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Newspaper Archive of
Golden Valley News
Beach, North Dakota
December 13, 2018     Golden Valley News
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December 13, 2018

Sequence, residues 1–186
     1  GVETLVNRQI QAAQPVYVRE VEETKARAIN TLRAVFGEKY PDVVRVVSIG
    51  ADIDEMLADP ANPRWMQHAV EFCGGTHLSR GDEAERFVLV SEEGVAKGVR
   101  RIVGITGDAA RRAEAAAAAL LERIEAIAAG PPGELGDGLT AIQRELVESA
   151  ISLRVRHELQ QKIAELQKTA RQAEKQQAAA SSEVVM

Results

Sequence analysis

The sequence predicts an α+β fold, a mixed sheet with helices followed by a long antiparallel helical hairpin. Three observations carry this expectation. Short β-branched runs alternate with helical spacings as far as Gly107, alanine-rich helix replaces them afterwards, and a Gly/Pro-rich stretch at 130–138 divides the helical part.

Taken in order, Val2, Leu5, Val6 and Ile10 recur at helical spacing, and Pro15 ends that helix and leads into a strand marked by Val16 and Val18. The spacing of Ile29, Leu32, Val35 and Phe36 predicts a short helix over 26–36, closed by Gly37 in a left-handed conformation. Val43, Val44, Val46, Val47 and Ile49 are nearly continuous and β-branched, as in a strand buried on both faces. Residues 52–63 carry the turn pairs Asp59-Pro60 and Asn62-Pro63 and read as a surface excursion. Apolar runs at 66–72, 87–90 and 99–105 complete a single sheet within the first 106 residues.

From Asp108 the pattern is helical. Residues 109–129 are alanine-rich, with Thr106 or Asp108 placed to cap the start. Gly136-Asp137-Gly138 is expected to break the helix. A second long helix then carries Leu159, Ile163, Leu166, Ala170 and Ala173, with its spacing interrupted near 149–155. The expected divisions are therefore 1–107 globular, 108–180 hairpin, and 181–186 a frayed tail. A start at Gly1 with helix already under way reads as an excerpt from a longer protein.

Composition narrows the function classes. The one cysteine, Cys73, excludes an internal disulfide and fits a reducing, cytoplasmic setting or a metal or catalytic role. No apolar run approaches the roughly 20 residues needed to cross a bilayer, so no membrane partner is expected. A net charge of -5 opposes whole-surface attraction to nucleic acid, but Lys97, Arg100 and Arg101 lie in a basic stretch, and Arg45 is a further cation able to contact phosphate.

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December 6, 2018 Golden Valley News Page 3 Hat Tips By Dean Meyer Hello, I'm too young to remember the good old days. I guess they were in the early 1900's. When you didn't eating a bait of grain while I am jump starting a loader tractor and worrying about the fuel gelling up. Even yesterday, I had a touch of nostalgia. I wasn't that cold. I was in a heated cab on a four-wheel drive tractor. But it was the weekend. So Shirley was here for chores. After having her knee replaced, she got one of those bracelets that tell how much exercise you have had each day. I don't need one. I can tell by night- time if I have had enough exercise. It's called being tired. But since Shirley had this bracelet on, I thought she should get a little exercise. So she wrapped up and came out to open gates and cut the twine off bales as I fed. And I could throw the axe out to her and point at a water tank that needed the ice chopped off it. She could feed the cats when I threw a can out of the cab have snowplows and four wheel drive tractors. You didn't have snow blowers and insulated underwear. You didn't have front-end loaders and sanded highways to drive on. If you wanted to get to your neighbors on a morning when it is - 27, you harnessed a team up, threw a scoop shovel on the sled in case the team played out in a drift, wrapped a towel around your face and headed out. Those were the good old days! I am old enough to remember feeding cattle with a team. And there still are a few cowboys that do it. And dang, I have a lot of respect for them! They might have frozen cheeks and stiff joints, but they probably don't have a note at the bank. They might have stiff fingers with a touch of arthritis in them, but they can throw a cold, stiff harness on the team that's Golden Valley g a County Commission and pointed to the tack room where my two mousers sleep on a heated pad. They lie in wait for a mouse that may or may not come along. There hasn't been a mouse in there for years. But there is dry cat food, a can of moist food in the morning, and a heated pad. It's a cat's life. People talk about the good old days. They yearn for yesterday. And some people talk about how pretty winter days can be. They talk of how the prairies can look like an ocean! With waves! And how the sundogs can look so beautiful as they accom- pany the frozen sun on the eastern horizon! Poppycock. What looks beautiful to me is a woman with insulated boots, carhart coveralls, a facemask, a rabbit lined cap, and mittens on opening the gate and chopping ice. I mean it even beats the Victoria's Secret catalog, or the Sports Illustrated swimsuit edi- tion ! Later, Dean ndum on beef ch ckoff needed To the editor: Women Involved in Farm Eco- nomics (WIFE) is supporting amend- ing the Beef Research and Promotion Act, which legislated the beef checkoff, to allow only promo- tion of beef that is born and raised exclusively in the United States and to allow additional contractors. Pol- icy was changed during the 42nd WIFE Convention held in Santa Fe, N.M in November. The U.S. has already imported 1.3 million head of cattle in 2018. This s up 4.2 percent from 2017. Promot- ing only domestic born and raised beef would drop the Beef Checkoff budget by about $1.3 million because imported beef would no longer be paying the checkoff. WIFE proposes filling this void by opening services from additional contractors and thus creating more competition in the use of checkoff funds. Changing the Beef Research and Promotion Act would require a vote of producers and WIFE is calling for a referendum to allow additional contractors. National WIFE President Diane McDonald of Inkster, North Dakota, explained, "Advertising only domes- tic beef would increase the impor- tance of knowing which meat was domestically produced and which meat was imported. Why should we advertise the safety, nutritional qual- ity and high health standards in our domestic herds if no one can tell the difference at the meat counter?" With that in mind, WIFE is supporting the identification of all meat as to coun- try of origin. McDonald stated, "The USDA in- spected label is not sufficient to iden- tify U.S. beef. Any beef that is in- spected by the USDA gets this label - even imported beef." Currently when a hanging carcass crosses our border with an identify- ing mark as to the country of origin, the minimum that needs to happen to get the USDA sticker is for that car- cass to be cut up into smaller parts and inspected. WIFE feels those paying the checkoff should promote the product they raised - not what is imported. For more information contact Diane McDonald at (701) 248-3654. WIFE is a grassroots organization for women in agriculture focusing on promoting legislation and policies that increase profitability for family farmers and ranchers. Marlene Kouba N.D. WIFE publicity chairman Regent to download the Restoring Degraded Grasslands book chapter and go to to download the following reports: * Biologically Effective Manage- ment of Grazinglands * Biogeochemical Processes of Prairie Ecosystems * Evaluation and Development of Forage Management Strategies for Grazing (Continued from Page 2) Range Cows * Methods for Development of Biologically Effective Management Strategies * Increasing Value Captured from the Land Natural Resources The workshop is free to attend, although lodging, transportation and meals are the participants' responsi- bility. Coffee and bottled water will be provided. To register for the workshop, email Manske at or call (701) 456-1118 or (701) 456-1120. Provide your name, mailing address and telephone number. If. more than one person will attend from your ranch, provide the name of each per- son. nu Regional agronomy research re- sults, dealing with saline and sodic soils and the latest research on re- generative cropping systems will be featured topics at the 35th an- nual Western Dakota Crops Day, hosted by the North Dakota State University Hettinger Research Ex- tension Center (REC). The event will be held at the Hettinger Armory on Dec. 20. Registration begins at 9 a.m. with coffee and doughnuts, and presentations starting at 10 a.m. Participants will be able to view exhibits and visit with vendors throughout the day. Topics will include updates on new crop varieties, new herbicides, crop production and current agron- omy issues in the West River re- gion. "This year's crops day will pro- vide excellent information on soil health and the latest in cropping systems research, along with the traditional variety performance and ongoing regional agronomy re- search," says John Rickertsen, Hettinger REC research agron- omist. Chris Augustin, NDSU Exten- sion Soil Health specialist at the North Central REC in Minot, will give a presentation on soil issues facing western Dakota producers. Saline and sodic soils are common problems and often have similar symptoms, but are not the same thing and require different man- agement strategies to correct. Au- gustin also will discuss decreasing soil pH mainly caused by near-sur- face application of ammonium- based fertilizers on soils which have a relatively low cation ex- change capacity. Dwayne Beck serves as man- ager of Dakota Lakes Research Farm east of Pierre, S.D where he has done cropping systems re- search using low disturbance no- till and diverse rotations since 1989. Deck's research explores the important role of diverse crop ro- tations in minimizing weed, dis- ease and insect problems while increasing potential profitability. He will discuss his current re- search including no-till, diverse crop rotations, cover crops, inter- cropping and grazing livestock as a holistic management approach to regenerative agriculture. Results from agronomy re- search in the western Dakotas will be presented by Rickertsen; Caleb Dalley NDSU Hettinger REC North Dakota Grazing Lands Coalition Winter Conference weed scientist; Ryan Buetow, NDSU Dickinson REC area Exten- sion cropping systems specialist; Chris Graham, South Dakota State University West River Ag Center Extension agron- omist, Rapid City; and Patrick Wagner, SDSU Extension ento- mology field specialist, Rapid City. The show will also include commercial exhibits by several seed, chemical and agricultural service companies displaying their newest products and innovations. The event is free of charge and lunch will be provided. For more information, contact the Hettinger REC at (701) 567-4323. Wednesday, Jan. 16 / o A 9:30 a.m.-7 p.m. Ramada Hotel, Bismarck | Regeneratiq Land, Uvestock & People 1 with Dr. Peter Balt~,S~eve ~ D~ml~ aml ~ i. 2018 Leopold Award ~nersJeremy and .Sarah REGISTER BY JAN. 8 S50 per person/S30 for members, SOJOIN TODAY REGISTER at or 701-355-4458 Sponsored in part by North Dakota NaturaI Resources Trust and USDA Natural Resources Conservation Service. BOARD OF COUNTY COMMISSIONERS MINUTES OF PROCEEDINGS November 8, 2018 9:00 A.M. Chairman Troy Tescher called the meeting to order. Commissioners Harley Steffen and Donald Maus, States Attorney Christina Wenko, Adam Smith and Gene Hamilton were pres- ent. Commissioner Steffen made a mo- tion to accept the agenda as is and Commissioner Tescher seconded. Mo- tion carried. Commissioner Maus made a motion to approve the October regular and special meeting minutes and Commis- sioner Steffen seconded. Motion car- ried. Commissioner Maus made a motion to approve the prepaid and current vouchers for payment and Commis- sioner Steffen seconded. Motion car- ried. Current business brought before the Board: Commissioner Steffen made a mo- tion to sign the GIS Workshop sub- scription renewal and Commissioner Tescher seconded. Motion carried. Commissioner Steffen made a mo- tion to sign the Dentention Service Agreement for another 30 months and Commissioner Maus seconded. Motion carried. An application for abatement or re- fund of taxes was reviewed. Commis- sioner Tescher made a motion to reject an abatement for Sydney Hegge in- volving the property ALL SEC 9-138- 103. The application had been filled out and signed as the current total true and full value of $129,100. Hegge's applica- tion did not specify the amount of the re- duction she was requesting as required by statute rather it was stated at the hearing she was requesting "something lower." In addition, Hegge identified the reason for the abatement based on ac- cessibility. The information presented to the Board did not support a finding of lack of access. Commissioner Steffen seconded the motion. Motion carried. Commissioner Tescher made a motion to sign the Maintenance Certifi- cation County Federal Aid Project and Commissioner Maus seconded. Motion carried. Discussion was held on snow re- moval for the upcoming winter season. It was agreed the County will advertise for bids on the snow removal. States Attorney Christina Wenko gave the Board an update. Discussion was held on various road topics. Sheriff Scott Steele met with the Board to give them an update on the progress of the interview room remodel in the Sheriff's department. Adam Smith met with the Board to discuss some issues that he has in re- gards to a building permit for the Nl/2 Sec 4-139-105 parcel #02037500 with an address of 1654 36th St SW. After discussion the Board agreed that Smith will not be required to get a permit. It was agreed that States Attorney Christina Wenko and Tax Director Henry Gerving will get together to go through the verbage on the require- ments of building permits for agricultural structures to avoid future confusion on what is required. Gerving will present the changes to the Zoning Board at the November meeting. Road Foreman Pete Wirtzfeld and Andrew Krebs with KLJ met with the Board. Krebs presented the Board with the compliance certification to be signed on the Beaver Creek Bridge. The Board agreed to sign the Western Dakota Energy Association Local Gov- ernment LoadPass Permits agreement. Mowing of the County's shoulders are about complete. Wirtzfeld brought the Board up to speed on the Square Butte Road project. Discussion was held on the Five Point and Rocky Butte Bridge projects. Slope County requested ad- ditional gravel from the Finneman Pit to finish the John Brown Road project. The Board agreed to sell them up to 1500 yards of gravel to finish the proj- ect. Discussion was held on the Bon- nie View Road. Wirtzfeld and the Board agreed that it needs spot graveling or graveling in its entirety. Commissioner Steffen made a mo- tion to adjourn and Commissioner Maus seconded. Motion carried. Chairman Tescher declared the meeting ad- journed at 12:00 pm. The following vouchers were audited and approved for the month of Novem- ber: Direct Depos Golden Valley County Employees Payroll 64038.92 -99901 North Dakota State Treasurer 1154.20 -99900 JPMorgan Chase Bank NA 622.25 Golden Valley Outfitters~Park Cafe will have a Christmas sale on Saturday, December 15, with extended hours: 8:30 am - 3 pm Free cinnamon rolls and coffee/ O 10% off Stormy Kromer 15% off shoes and jeans 20% off Bailey and M&F hats 25% off Men's Wrangler shirts 30% offWyoming Traders coats 77457 ND Association of Counties 196.57 77458 City of BeaCh 412,22 77459 MDU 2166.54 77460 Midstate Communications, Inc. 1160.51 77461-77464 Weed Control Disbursements 137.94 77465-77484 Social Services Disbursements 5109.01 77485 Golden Valley Co States Attorney 1358.33 77486 SW Multi-Co Correction Center 6617.50 77487 Dakota Dust-Tex, Inc 127.50 77488 ND State Radio Communications 1728.85 77489 Kadrmas, Lee & Jackson, Inc. 20377.07 77490 Information Technology Dept 1165.90 77491 Harvey Peterson 240.00 77492 ND Secretary of State 1005.98 77493 Prairie Lumber Beach 199.69 77494 TrueNorth Steel 26157.40 77495 Beach Food Center 11.23 77496 Farmers Union Oil 24216.70 77497 DMC Wear Parts LLC 1270.50 77498 Praxair Distribution, Inc. 3.97 77499 Golva Repair 50.00 77500 Ramkota Hotel & Conference Ctr 200.00 77501 Election Systems & Software, LLC 538.87 77502 Mainstay Suites 84.60 77503 Department of Transportation 3758.48 77504 Tamra Sperry 182.24 77505 Henry Gerving 803.51 77506 Rachel Keohane 84.28 77507 Gregory lan Runge 561.20 77508 Golden Valley News 656.81 77509 Colonial Research 223.03 77510 Radisson Hotel Bismarck 183.30 77511 3D Specialties Inc. 104.22 77512 North Dak Newspaper Association 247.76 77513 Onsolve, LLC 2500.00 77514 John Deere Financial 675.47 77515 Deere & Company 92.10 77516 BOSS Inc 129.56 77517 1-29 Trailer Sales 44.00 77518 VOID 77519 U.S. Postal Service 62.07 77520 Rohan Hardware 53.55 77521 Northwest "13re Inc 498.76 77522 Productivity Plus Account 3101.73 77523 DS Solutions 175.00 77524 Pitney Bowes Global Financial Svcs 453.48 77525 ND Association of Counties 1335.00 77526 Noll Construction, LLC4175.00 75527 Harvey Petereon 120.00 77528 Steve Raisler 120.00 77529 Thomas J. Togni 40.00 77530 Pump Systems, LLC 41.41 77531 SeaChange Print Innovations 175.00 77532 Westlie Motor Company 3063.88 77533 Beach Co-Operative Grain Co 1156.45 77534 Barthel Custom Farming 2880.00 77535 Jacqueline Dietz 263.75 77536 Angelina Marman 125.75 77537 Renae Smith 253.25 77538 Tracey Streitz 245.75 77539 Raynette Szudera 253.25 77540 EverSpring Inn & Suites- Bismarck 84.60 77541 Troy Tescher 511.21 77542 Reservation Telephone Coop 40.00 77543-77570 Collections Submitted 56136.25 77571-77575 Library Disbursements 3795.18 77576 Golden Valley County Treasurer 4000.00 77577-77591 Golden Valley County Employees 21014.85 77592-77597 Payroll Liability Disbursements 38566.58 77598-77603 Cafeteria Plan Disbursements 954.61 77604 Ashley Ueckert 467.54 77605 Cenex Fleet Fueling 847.09 77606 Verizon Wireless 250.90 77607 Darin Maus 14.17 77608 Paul Schmitz 16.35 77609 Troy Tescher 72.25 77610-77611 Payroll Liability Disbursements 22260.06 77612 Cafeteria Plan Disbursements 38.75 77613 Blue Cross Blue Shield of ND 1086.40 ATTEST: Tamra Sperry, County Auditor , Chairman, County Commissioners BOARD OF COUNTY COMMISSIONERS MINUTES OF PROCEEDINGS NOVEMBER 20, 2018 1:00 P.M. Chairman Troy Tescher called the meeting to order. Commissioners Don Maus and Harley Steffen along with Henry Gerving, Gene Hamilton and States Attorney, Christina Wenko were present for the annual sale of real es- tate forfeited to Golden Valley County for delinquent taxes. The County advised that it was not warranting title to any of these proper- ties and the buyer was put on notice they were purchasing the property under that premise. There was no one present interested in bidding. There was one property delinquent. Lots 1-2 of Block 10 Hunter's 5th to the City of Beach. Discussion was held on the specials that are assessed to the property in the amount of $46,952.61. The property of Lots 1-2 of Block 10 Hunter's 5th to the City of Beach did not have a bid. The property will still be available for purchase with the mini- mum bid set at $500. Any bids can be submitted in writing to the County Audi- tor which will be presented to the Board for acceptance or not. One bid was received for snow re- moval. Tescher Fencing LLC sent a bid for $75/hour for removal done with skid- steer with bucket and sweeper and $30/hour for removal done on foot with shovel or snow blower. Commissioner Maus made a motion to award Tescher Fencing LLC the snow removal and Commissioner Steffen seconded. Roll call vote: Maus-yes, Steffen-yes, Tescher abstained from voting. Motion carried. Mark Hardy joined the meeting. Commissioner Tescher made a mo- tion to reopen the bidding for the prop- erty to be sold for delinquent taxes, and Commissioner Steffen seconded. Mo- tion carried. Discussion with held with Mark Hardy on the details of the prop- erty up for sale. After reviewing the specials on the property Hardy decided that he was not interested in the prop- erty and there was no additional bid- ders. Commissioner Tescher made a motion to close the bidding and Com- missioner Maus seconded. Motion car- ried. Further discussion was held on the property and specials regarding NDCC Section 57-28-17, which allows any property not sold at the November meeting may be sold by private sale free of a lien if the governing body of the city in which the property is located finds that the sum of the minimum sale price and the unpaid special assess- ment exceeds the market value of the property. If the governing body of the city makes this finding, it may cancel all or part of the special assessment lien against the property to reduce the lien to an amount which, when added to the minimum sale price, will be equal to the market value of the property. Commissioner Steffen made a mo- tion that the County would propose waiving $8000 in specials and that States Attorney Christina Wenko will work with County Auditor Tamra Sperry to compose a letter to the City of Beach proposing to match the $8000 for a total of $16,000 in reductions on the specials and Commissioner Maus seconded. Motion carried. Commissioner Maus made a motion to adjourn and Commissioner Steffen seconded. Motion carried. Chairman Tescher declared the meeting ad- journed at 1:48 P.M. A'n-EST: Tamra Sperry, County Auditor , Chairman, County Commissioners (December 13) Van or Bus Service Billings County Golden Valley County Distance of 160 Miles CALL: 701-872-3836 our board meets at 9:30 a.m first Tuesday of each month at 22 S. Central Ave Beach. The public is invited! Coming Soon POSsibl winting of "Echoing Trails, Billings County History, Vol. 1 B Reserv6 your copy now Send che s ,payable toi illings Co. Historical Society c/o Connie Hartman P,O, Box 364 Medora, ND 58645 $10 tax and shipping)